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Aussie activists spend a week as refugees

While most Australians were happily tucking into bacon and eggs on Saturday morning, Jade Horrobin was finishing off the last of her week’s rations.

In the week leading up to World Refugee Day on 20 June, Horrobin had been taking part in the ‘Ration Challenge’ fundraising project designed by charity organisation Act For Peace, when for a week, participants are only allowed to eat the same food rations as distributed at the Mae La Oon refugee camp on the Thai-Burmese border.

Provided with a small amount of rice, flour, salt, fish, split peas and oil for her week’s meals, her aim was to raise AU$580 (US$450), an amount estimated to feed ten children living in a displacement camp for a year. Speaking to DVB on Monday, Horrobin said that she hoped completing the challenge would educate others in Australia about what the average refugee lives off, and inspire others to show compassion towards those who have become displaced.

“Burmese refugees have it so tough,” the young Australian said. “These innocent men, women and children were driven from their homes as a result of war and conflict, and forced to give up everything to escape violence. World Refugee Day is about raising awareness. It’s about recognising the strength and resilience of refugees around the world.”

The Thai-Burmese border is home to nine refugee camps sheltering more than 100,000 people, mostly ethnic Karens from eastern Burma who have fled decades of civil war in the region.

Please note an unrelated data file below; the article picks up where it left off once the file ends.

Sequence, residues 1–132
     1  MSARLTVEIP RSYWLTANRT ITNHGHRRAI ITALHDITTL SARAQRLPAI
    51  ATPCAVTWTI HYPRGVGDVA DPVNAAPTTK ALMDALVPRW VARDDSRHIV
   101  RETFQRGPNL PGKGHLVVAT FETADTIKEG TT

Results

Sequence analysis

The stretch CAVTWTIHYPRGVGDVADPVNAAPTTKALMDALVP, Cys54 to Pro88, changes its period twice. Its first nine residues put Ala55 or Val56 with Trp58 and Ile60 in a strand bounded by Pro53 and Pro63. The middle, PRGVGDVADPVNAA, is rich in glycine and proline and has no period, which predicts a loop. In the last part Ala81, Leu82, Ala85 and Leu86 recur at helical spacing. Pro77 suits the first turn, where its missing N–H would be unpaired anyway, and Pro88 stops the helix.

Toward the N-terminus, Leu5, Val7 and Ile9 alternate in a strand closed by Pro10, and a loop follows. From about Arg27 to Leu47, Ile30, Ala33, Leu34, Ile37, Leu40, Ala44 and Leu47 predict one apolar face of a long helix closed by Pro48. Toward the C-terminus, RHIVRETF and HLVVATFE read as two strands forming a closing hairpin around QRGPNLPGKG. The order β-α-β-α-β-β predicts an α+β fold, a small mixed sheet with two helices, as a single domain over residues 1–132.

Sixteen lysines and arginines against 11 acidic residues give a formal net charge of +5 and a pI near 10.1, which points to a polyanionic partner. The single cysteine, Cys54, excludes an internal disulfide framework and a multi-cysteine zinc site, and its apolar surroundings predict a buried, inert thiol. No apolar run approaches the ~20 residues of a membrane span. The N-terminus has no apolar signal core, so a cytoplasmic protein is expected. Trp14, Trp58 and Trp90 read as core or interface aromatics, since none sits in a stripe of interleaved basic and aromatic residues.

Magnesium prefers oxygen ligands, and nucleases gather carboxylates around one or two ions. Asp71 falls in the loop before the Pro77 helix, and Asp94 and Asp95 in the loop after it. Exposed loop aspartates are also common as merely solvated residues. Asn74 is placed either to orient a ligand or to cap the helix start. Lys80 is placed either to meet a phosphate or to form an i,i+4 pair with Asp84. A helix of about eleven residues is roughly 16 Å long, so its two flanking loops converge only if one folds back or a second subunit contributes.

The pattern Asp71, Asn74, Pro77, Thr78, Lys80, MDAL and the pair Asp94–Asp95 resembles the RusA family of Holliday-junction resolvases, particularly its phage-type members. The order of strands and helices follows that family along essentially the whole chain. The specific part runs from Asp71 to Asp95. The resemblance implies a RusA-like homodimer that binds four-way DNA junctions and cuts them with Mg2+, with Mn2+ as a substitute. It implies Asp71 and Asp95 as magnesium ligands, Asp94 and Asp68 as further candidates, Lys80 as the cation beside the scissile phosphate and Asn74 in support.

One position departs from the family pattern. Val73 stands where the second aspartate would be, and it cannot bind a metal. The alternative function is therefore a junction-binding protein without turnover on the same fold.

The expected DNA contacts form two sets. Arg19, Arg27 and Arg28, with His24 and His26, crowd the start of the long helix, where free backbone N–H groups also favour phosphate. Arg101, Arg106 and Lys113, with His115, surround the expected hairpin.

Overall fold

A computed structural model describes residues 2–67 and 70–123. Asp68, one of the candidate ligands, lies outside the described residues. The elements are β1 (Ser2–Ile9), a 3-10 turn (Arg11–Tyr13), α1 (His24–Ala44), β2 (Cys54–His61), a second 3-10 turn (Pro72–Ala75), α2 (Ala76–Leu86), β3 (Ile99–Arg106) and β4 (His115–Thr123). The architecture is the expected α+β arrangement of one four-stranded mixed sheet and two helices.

The Karen Women Organisation issued a press release in time for World Refugee Day on Saturday, calling on the international community to help resolve the underlying problems causing people to flee their homes.

“The conditions that led refugees to flee in the first place have yet to be resolved,” stated the press release.

“If Burma hopes to achieve a genuine sustainable peace, it is essential that the voice of refugees are heard and their rights are recognised and respected.”


The Border Consortium, an umbrella group which coordinates the distribution of humanitarian aid to the refugees, estimates that as of April 2015, more than 108,000 refugees are currently residing in displacement camps straddling along the mountainous jungle of the Thai-Burmese border. So far, AFP’s challenge has raised approximately US$297,000, enough to provide 1,772 refugees with rations for a year.

In a statement to mark World Refugee Day, UN High Commissioner for Refugees António Guterres said that recent conflicts around the world have caused more people than ever to flee their home countries, and urged nations to work together in shouldering the responsibility of looking after these vulnerable people.

“More people fled last year than at any other time in our records. Around the world, almost 60 million have been displaced by conflict and persecution. Nearly 20 million of them are refugees, and more than half are children. These people rely on us for their survival and hope,” Guterres’ statement reads.

“The world needs to renew its commitment now to the 1951 Refugee Convention and its principles that made us strong. To offer safe harbor, both in our own countries and in the epicentres of the crises, and to help refugees restore their lives.”

Having successfully completed the Ration Challenge, Horrobin said that the experience was tough, but well worth the sacrifice of her usual meals and coffee.

“It’s such a powerful experience, and to be able to help make a difference to the lives of those who need it most is truly heartwarming. It was worth every grain of rice.

“It’s all about showing the world what compassion looks like, with hope my actions will help to stoke the same fire in others.”


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